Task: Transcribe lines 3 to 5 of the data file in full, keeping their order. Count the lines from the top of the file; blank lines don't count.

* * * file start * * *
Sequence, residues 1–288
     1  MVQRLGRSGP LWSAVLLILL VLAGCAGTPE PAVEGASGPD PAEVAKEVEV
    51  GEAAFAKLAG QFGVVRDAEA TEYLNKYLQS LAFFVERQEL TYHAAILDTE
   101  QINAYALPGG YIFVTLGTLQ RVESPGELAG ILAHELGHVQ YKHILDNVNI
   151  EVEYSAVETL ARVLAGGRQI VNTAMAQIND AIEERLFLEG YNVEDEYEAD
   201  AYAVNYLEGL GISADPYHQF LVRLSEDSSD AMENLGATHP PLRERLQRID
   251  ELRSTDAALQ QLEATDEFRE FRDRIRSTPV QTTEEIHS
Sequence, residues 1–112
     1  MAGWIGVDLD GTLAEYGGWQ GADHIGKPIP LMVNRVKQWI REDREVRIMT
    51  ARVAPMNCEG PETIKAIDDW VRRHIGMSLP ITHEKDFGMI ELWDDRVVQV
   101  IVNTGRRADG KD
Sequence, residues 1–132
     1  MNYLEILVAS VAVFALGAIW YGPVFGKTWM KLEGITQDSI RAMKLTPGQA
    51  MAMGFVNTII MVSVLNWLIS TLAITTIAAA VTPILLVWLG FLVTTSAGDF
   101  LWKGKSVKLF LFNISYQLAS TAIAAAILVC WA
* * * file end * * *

    51  GEAAFAKLAG QFGVVRDAEA TEYLNKYLQS LAFFVERQEL TYHAAILDTE
   101  QINAYALPGG YIFVTLGTLQ RVESPGELAG ILAHELGHVQ YKHILDNVNI
   151  EVEYSAVETL ARVLAGGRQI VNTAMAQIND AIEERLFLEG YNVEDEYEAD